Political cultures differ. In Iran, for example, hyperbole is expected in all political conversations. So slogans always call for ‘Death to the US’, and nothing less. In Britain, of course, the use of language is more even-tempered, but other rules apply. Blaming the civil service for failure is considered OK, but charging an individual official, even a Permanent Secretary, for the same is considered off-limits. If a minister were to try it, then he'd be accused of trying to pass the buck on towards defenceless officials.
But, as Camilla Cavendish points out in today's Times (£), failure is often also the fault of senior officials who, despite problems in the past, move seamlessly from job to job and from Department to Department. Many hoped the coalition would find a way to deal with this. Remember the talk about permanent secretaries bidding for jobs by showcasing their plans? Or the idea that MPs would be given very specific jobs, rather than organisational briefs? Or the talk of adopting a New Zealand-style ‘beehive’ model with ministers located outside of their Departments and civil servants coming to them at a central location for meetings?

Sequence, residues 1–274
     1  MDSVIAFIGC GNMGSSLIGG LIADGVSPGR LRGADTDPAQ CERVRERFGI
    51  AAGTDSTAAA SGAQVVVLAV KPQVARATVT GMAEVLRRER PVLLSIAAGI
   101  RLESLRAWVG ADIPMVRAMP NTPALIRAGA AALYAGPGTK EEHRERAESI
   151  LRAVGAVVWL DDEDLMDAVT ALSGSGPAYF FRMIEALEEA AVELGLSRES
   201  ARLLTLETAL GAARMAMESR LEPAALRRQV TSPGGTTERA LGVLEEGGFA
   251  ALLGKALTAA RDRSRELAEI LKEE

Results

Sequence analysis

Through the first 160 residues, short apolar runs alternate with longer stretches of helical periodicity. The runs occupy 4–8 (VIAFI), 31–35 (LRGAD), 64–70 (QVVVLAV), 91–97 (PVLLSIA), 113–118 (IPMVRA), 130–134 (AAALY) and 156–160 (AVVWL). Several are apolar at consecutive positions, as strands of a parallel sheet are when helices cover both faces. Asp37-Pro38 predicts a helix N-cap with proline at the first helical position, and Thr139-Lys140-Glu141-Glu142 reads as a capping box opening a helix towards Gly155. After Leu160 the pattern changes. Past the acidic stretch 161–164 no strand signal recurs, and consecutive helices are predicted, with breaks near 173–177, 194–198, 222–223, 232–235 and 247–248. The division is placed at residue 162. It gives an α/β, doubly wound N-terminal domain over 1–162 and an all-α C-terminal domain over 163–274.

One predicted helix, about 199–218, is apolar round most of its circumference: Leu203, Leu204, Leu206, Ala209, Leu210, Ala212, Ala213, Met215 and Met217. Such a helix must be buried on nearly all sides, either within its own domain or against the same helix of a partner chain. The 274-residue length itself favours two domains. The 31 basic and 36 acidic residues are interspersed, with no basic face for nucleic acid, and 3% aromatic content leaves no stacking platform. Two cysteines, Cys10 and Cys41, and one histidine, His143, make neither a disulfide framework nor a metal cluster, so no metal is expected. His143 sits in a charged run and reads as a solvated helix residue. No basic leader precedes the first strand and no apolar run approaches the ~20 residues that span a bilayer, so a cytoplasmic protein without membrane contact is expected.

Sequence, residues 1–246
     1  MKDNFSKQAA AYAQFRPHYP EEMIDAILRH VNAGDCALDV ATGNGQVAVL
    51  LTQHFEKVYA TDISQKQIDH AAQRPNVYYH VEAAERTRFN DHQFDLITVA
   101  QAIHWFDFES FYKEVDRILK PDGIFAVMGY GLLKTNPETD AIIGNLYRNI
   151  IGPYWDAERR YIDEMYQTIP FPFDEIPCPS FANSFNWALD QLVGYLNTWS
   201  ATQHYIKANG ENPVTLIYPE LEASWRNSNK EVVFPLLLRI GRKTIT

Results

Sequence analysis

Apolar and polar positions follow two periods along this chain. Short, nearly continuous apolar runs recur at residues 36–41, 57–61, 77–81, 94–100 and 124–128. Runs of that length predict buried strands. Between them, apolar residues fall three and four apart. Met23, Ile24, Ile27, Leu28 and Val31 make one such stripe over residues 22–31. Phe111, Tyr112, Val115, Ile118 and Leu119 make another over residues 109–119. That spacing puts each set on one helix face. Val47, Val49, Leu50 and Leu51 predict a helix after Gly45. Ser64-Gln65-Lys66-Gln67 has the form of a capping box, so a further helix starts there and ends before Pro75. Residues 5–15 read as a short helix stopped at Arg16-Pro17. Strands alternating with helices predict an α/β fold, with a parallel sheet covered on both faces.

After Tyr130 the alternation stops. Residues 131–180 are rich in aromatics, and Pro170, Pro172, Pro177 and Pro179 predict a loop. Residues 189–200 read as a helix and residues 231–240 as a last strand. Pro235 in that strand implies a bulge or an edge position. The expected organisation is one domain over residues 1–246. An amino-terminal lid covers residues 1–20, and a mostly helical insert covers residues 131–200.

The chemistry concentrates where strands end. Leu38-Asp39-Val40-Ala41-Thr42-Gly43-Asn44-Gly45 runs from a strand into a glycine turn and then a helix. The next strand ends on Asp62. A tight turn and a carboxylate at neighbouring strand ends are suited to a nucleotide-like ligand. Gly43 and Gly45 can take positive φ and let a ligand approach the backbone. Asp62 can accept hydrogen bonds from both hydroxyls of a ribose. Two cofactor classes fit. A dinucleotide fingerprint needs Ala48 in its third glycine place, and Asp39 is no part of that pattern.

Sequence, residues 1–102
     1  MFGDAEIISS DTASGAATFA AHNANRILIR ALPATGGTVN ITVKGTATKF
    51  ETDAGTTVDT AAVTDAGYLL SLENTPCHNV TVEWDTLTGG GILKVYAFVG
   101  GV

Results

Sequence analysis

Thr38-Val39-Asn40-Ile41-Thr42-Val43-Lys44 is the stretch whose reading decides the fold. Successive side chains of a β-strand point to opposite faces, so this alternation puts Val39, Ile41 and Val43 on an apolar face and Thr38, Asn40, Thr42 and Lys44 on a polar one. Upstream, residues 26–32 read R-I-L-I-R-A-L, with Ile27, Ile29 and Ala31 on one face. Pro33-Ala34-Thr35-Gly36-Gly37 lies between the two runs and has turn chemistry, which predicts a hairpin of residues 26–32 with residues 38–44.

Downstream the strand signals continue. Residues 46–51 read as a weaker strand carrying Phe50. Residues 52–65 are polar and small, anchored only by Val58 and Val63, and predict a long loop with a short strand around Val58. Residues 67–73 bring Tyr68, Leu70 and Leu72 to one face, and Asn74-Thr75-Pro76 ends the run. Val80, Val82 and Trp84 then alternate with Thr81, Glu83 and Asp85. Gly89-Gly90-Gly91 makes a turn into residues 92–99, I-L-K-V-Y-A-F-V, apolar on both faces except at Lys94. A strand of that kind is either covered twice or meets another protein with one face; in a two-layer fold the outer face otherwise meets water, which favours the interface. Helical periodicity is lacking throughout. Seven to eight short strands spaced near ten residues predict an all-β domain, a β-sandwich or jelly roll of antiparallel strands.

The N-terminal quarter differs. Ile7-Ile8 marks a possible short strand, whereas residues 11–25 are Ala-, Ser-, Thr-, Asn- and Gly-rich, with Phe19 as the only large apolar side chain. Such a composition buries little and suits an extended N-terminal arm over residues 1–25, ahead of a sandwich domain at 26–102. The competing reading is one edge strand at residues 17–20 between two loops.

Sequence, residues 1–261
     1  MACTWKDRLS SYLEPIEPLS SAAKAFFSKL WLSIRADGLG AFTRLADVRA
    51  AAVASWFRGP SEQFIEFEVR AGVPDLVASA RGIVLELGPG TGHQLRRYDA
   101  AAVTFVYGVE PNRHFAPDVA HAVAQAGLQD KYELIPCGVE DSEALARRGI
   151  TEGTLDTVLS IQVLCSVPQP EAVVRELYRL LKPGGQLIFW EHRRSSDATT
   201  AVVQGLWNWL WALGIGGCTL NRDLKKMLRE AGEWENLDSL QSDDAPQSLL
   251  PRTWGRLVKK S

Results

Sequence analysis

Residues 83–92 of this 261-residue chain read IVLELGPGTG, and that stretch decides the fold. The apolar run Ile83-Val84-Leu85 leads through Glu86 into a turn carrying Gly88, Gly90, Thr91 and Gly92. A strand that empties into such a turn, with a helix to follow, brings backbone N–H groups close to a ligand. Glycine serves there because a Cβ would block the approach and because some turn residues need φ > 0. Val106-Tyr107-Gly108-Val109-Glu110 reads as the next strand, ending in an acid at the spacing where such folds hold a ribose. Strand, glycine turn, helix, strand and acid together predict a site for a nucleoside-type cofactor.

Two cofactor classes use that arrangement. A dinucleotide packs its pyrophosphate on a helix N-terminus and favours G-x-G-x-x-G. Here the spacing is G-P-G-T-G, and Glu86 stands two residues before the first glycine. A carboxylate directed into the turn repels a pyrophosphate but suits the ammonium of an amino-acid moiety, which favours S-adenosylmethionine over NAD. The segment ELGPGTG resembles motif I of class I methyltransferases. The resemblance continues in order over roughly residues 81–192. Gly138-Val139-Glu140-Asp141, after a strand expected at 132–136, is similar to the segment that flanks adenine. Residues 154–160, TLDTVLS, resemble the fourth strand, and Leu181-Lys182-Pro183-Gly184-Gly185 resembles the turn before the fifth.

1) The coalition's reliance on officials. Coalition has meant greater reliance on officials, not less. Officials have often been the unofficial go-betweens; hammering out agreements between the Tories and the Lib Dems. Sub-Cabinet committees that once lay dormant are now taken seriously, and have had to be staffed up.
As understandable as some of this may be, it's still a problem. If the coalition does not push for a rebalancing of power between unelected officials, elected ministers and their mandated advisers, large-scale reform of the British machinery of government may never happen. And that means country-wide reforms may be stalled too.